Given the ups and downs of 2020, how are you planning your 2021 competition season?
I’ve been lucky enough to be a professional event rider for the past 25 years of my life. At the beginning of each season, I have a wonderful game plan for each horse: which events I’m going to run and which sequence of events will bring me to my ultimate goal.
Usually I plan this out for each horse in six-month blocks. To be quite honest, in the past 20 years it’s been very unusual to have any horse’s path go as planned. Sometimes a horse is injured, events are canceled, footing isn’t ideal or fitness work or training sessions have conflicted with the game plan. Sadly, I’ve also been injured and unable to train the horses how I want to.
I think to be successful, you need the ability to be adaptable: have the ability to change your game plan, roll with the punches, all while trying to head toward that original goal.
In hindsight, 2020 has been a year like none other. For me personally, at the beginning of the year I had dreams of Kentucky, Badminton, the Olympic Games … and then the pandemic hit and all that went out the window. I went through a couple of surgeries that blocked me from riding again and again. Somehow, by the end of the year, I’ve managed to get the majority of horses to their final events, at Hagyard in Kentucky, Galway Downs in California, and Tryon, North Carolina.
Obviously, this year many events have been canceled. I’ve had to have some fill-in riders, but I’ve always at the back of my mind been trying to steer this squadron of horses on a similar path to what we’d planned at the beginning of the year.
I have to admit, coming into 2021 will be the first year I come up with my six-month game plan where I’m expecting the unexpected. I think for the first time in my career, I’m quite aware that nothing will go to plan. Events will be canceled, travel could potentially be banned and our business and income will most likely be unpredictable. I suppose anyone reading this will be in a similar boat, and we all need to have this ability to roll with the punches and come to terms with the fact that our lifestyles might have to change, but we’re fortunate in our sport that it’s an outdoor sport and has more chance of surviving than an indoor contact sport. Life as we know it will definitely be different in 2021.
How has your business changed this year?
I think it’s important to celebrate this new way of doing things. Professionally and personally, we all actually have a new opportunity. There are parts of your life that will be better than pre-pandemic. I think I’m spending a lot more time with the family and finding time to train the horses without a lot of distractions that get in the way. I’m also riding fewer horses at the competitions and feel more focused and dialed-in and not so frantic every weekend.
For me, 2021 will start off like every year in America as our team relocates to Stable View in Aiken, South Carolina, and we’ll spend the month of January gently preparing for the competitions and building fitness. I have an awesome crew that works for me: I love being around fit, inspired young athletes who are chasing their dreams like I was years ago. We’re lucky to be at top facilities and surrounded by high-end horses and riders, blacksmiths and grooms. It could be worse.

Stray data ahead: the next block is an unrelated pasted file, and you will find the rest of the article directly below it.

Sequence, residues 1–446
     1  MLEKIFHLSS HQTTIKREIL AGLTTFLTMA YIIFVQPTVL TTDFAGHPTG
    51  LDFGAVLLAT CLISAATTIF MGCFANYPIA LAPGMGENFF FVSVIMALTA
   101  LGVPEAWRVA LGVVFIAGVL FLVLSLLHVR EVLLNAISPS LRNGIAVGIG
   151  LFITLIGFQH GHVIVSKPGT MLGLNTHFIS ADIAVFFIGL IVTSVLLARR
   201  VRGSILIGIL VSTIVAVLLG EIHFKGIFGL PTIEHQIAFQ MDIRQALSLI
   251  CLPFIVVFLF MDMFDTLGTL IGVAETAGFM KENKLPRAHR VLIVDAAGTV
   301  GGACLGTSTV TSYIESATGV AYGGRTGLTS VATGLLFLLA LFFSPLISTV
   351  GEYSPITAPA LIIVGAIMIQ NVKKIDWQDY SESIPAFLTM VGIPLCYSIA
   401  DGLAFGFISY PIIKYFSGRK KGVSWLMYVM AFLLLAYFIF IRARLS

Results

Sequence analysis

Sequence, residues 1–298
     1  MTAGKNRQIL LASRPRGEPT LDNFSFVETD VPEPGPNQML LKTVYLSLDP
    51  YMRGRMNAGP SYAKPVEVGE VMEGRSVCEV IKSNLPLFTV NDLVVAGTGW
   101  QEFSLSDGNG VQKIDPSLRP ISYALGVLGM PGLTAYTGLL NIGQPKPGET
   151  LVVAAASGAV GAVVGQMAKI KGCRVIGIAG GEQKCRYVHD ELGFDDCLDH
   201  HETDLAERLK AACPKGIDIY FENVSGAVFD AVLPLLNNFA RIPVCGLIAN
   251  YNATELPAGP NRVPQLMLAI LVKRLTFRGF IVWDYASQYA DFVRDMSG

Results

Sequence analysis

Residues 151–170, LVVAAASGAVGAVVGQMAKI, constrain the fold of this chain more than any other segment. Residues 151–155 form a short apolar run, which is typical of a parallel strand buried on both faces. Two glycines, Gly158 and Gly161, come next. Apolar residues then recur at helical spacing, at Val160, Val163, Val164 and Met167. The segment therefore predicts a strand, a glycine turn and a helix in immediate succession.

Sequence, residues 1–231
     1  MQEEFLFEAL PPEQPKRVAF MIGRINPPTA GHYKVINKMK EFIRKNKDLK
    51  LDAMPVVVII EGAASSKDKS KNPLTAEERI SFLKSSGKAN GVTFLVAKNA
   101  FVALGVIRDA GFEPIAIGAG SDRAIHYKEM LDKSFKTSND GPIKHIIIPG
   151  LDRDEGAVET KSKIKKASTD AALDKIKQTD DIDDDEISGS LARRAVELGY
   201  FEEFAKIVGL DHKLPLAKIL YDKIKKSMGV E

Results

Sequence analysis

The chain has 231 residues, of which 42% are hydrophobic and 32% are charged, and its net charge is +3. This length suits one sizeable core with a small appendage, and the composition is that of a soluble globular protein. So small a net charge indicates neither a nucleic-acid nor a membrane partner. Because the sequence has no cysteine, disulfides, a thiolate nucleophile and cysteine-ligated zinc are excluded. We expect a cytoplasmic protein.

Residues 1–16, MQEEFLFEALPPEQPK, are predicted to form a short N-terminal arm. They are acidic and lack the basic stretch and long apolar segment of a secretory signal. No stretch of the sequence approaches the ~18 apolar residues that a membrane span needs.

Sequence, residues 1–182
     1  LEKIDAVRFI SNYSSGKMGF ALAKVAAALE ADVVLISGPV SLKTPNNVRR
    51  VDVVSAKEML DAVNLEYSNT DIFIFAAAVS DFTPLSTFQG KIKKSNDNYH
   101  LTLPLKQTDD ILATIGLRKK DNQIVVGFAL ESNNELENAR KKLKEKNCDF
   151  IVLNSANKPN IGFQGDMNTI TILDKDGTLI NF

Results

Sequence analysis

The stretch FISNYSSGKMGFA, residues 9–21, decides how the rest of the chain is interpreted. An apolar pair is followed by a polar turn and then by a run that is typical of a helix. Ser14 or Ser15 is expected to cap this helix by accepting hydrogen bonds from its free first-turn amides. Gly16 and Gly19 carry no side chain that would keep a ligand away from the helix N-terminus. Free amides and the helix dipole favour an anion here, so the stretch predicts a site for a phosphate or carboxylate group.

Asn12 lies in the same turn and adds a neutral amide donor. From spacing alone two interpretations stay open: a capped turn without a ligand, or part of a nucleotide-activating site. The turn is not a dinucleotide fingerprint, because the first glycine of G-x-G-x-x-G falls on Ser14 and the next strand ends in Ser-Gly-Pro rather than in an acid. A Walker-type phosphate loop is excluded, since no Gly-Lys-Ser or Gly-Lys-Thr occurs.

We had a very interesting meeting with our accountants the other day, and being professional horse trainers, we have a number of small avenues of income that all contribute to the big number that we must repay the bank every month. Before I get into that, I’ll never forget in March/April this year, I was in a slight moment of internal panic when the pandemic hit, and I turned on the news and everyone was horrified about how life might change. Nine months later, it’s interesting to reflect on the year.
Our competition attendance has been way down and obviously in regard to this, the small portions of income we usually make coaching at events, our grooms’ fees, prize money and the bit of shipping money we make traveling to events is minimal compared to what it usually is.
Both Silva and I have been able to teach and coach more than usual this year. A lot of the riders we work with have taken advantage of the lull in competitions to focus on their training, and we’ve done more clinics than usual around the country. As of yet we’re very fortunate that we haven’t had too many horses depart our program. The dressage and eventing owners are awesome people and in it for the long haul, understanding that the process takes years and years of training, with competitions along the way.
A few of our sponsors have pulled back a little bit, which obviously can be expected considering their sales are significantly down. Funny enough, horse sales and people looking to purchase a new horse are higher: I think people have the time to go look for a new horse, which has been a surprising development to me.
My advice to any other professional out there is to work as hard as you can and make the most of every opportunity, because you’re not sure where the next opportunity will come along. It’s not the time to ease up: A lot of people are sitting back and putting their feet up, but this is a good time to improve yourself and your business and come out blazing in 2021.